As we were touring the site of the famous Thien Mu pagoda, we heard some beautiful singing coming from a nearby building. It was a monastery with an open-air dining room where monks were blessing their mid-day meal before eating. I was mesmerized as they chanted and moved with their bowls in harmonious unison. After the ritual was finished, they began to eat silently. What a peaceful, spiritual moment.
Hoi An: Capital of custom tailoring
I'm a bit embarrassed to report that most of my time in Hoi An was spent shopping. The town is famous for its tailors and streets full of shops. I bought a custom-tailored blouse, made-to-order shoes and a set of beautiful dark wood chopsticks in a matching carved box.
We were fortunate to be there on the night of a full moon to witness a lunar festival. In the evening the streets were blocked to traffic and there were colorful silk lanterns glowing everywhere. Men were sitting on tiny plastic stools playing Chinese chess at low tables, and kids were chasing each other down the sidewalks. There were sizzling food stalls and outdoor performances of Vietnamese folk music -- not all that pleasant to my Western ears to be honest, but all part of the atmosphere.
Remnants of war: Ho Chi Minh City
Vietnam's most modern city was also the most sobering for me. In the War Remnants Museum (formerly the War Crimes Museum), there was an entire building full of photos taken by journalists who were killed in the war. These, along with other photos and paintings, brought horrifying scenes from this period of history to life -- interrogation and torture sessions, soldiers grinning over decapitated enemy bodies, and disfigured victims of bombs and chemical weapons. Some of the victims died during the war, but some were children or grandchildren of those who were there. Of course we must move on, but places like this serve as solemn reminder of the tragic and lasting effects of war.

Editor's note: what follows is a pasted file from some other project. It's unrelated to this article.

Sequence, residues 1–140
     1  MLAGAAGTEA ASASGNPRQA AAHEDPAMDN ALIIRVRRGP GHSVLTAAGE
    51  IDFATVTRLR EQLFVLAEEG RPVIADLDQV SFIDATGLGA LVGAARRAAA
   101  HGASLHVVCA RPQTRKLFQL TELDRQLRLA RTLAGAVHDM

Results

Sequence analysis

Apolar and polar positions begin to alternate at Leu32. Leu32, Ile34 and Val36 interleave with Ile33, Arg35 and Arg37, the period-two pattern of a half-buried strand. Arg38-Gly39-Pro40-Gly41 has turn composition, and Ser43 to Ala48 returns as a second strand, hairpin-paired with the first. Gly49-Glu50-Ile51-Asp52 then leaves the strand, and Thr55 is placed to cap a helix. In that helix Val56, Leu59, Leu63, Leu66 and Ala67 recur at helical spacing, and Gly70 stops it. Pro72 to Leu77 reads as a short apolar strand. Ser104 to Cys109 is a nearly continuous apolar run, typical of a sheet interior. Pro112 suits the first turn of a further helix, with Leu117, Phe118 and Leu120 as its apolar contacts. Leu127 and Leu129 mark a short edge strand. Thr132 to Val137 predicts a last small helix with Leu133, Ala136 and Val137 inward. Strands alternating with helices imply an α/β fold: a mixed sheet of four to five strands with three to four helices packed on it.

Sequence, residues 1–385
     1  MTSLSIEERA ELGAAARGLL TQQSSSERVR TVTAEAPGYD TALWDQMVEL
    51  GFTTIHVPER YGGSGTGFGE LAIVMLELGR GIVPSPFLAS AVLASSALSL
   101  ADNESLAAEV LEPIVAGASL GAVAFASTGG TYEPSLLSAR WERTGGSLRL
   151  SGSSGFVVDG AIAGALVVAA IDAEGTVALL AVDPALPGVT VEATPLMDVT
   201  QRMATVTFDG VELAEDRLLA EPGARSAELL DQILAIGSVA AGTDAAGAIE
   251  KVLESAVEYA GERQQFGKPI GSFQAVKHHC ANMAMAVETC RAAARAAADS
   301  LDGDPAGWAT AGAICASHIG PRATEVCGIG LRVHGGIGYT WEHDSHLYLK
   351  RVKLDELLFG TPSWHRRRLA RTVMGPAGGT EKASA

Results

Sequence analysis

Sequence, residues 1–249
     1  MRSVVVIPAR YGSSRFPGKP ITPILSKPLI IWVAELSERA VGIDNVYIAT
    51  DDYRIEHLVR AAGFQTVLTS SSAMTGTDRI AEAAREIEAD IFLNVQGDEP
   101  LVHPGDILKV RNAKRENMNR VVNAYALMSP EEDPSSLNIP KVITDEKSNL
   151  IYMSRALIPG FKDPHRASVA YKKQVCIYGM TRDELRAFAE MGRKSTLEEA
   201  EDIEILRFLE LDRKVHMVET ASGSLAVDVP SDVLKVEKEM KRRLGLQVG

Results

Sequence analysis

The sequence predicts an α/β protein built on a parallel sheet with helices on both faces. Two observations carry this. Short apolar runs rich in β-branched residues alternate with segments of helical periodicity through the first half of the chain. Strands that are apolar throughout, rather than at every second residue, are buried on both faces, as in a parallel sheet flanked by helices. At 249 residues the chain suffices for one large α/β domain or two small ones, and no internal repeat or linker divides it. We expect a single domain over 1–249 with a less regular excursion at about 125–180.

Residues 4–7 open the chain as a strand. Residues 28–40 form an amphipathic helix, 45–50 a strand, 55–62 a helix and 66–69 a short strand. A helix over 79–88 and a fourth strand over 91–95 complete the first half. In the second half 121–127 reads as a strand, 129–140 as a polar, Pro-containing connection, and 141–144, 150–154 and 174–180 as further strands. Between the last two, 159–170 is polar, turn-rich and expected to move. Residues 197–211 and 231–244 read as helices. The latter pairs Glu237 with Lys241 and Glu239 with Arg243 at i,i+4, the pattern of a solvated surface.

My first Vietnamese meal was - not surprisingly - a big bowl of noodle soup. I spied a small cafe full of locals slurping away happily, so I stepped inside. I sat sat down on one of the tiny kid-sized plastic stools, my knees drawn up awkwardly to the side as they poked above the low wooden table.
Before I had figured out how to to order, a steaming bowl of delicious broth was plopped down in front of me. I later found out that these "one-item-on-the-menu" places were quite common, and one of the cheapest and tastiest ways to satisfy hunger.
Great food at good prices was everywhere in Vietnam. Lots of seafood, endless varieties of noodles, crisp-cooked veggies in fragrant sauces. For breakfast there were fresh baguettes and all kinds of exotic fruit, including dragon fruit, lychee nuts, jackfruit, lychee nuts, mangoes and more.
One excellent meal shared with my tour-mates was some of the best food I'd ever had for the least money. We had squid in chili sauce, peppered beef, and shrimp with veggies cooked in a coconut shell. Plus chicken soup, stir-fried vegetables, rice and fried bananas, all for less than $4 CAD per person.
In most of the country, the absence of North American fast food was noticeable -- and that was a good thing. But I did spot a few KFC locations in Ho Chi Minh City. It seemed the Colonel was the only one who had made it into the country. I couldn't help but wonder if it was because of his striking resemblance to General Ho Chi Minh.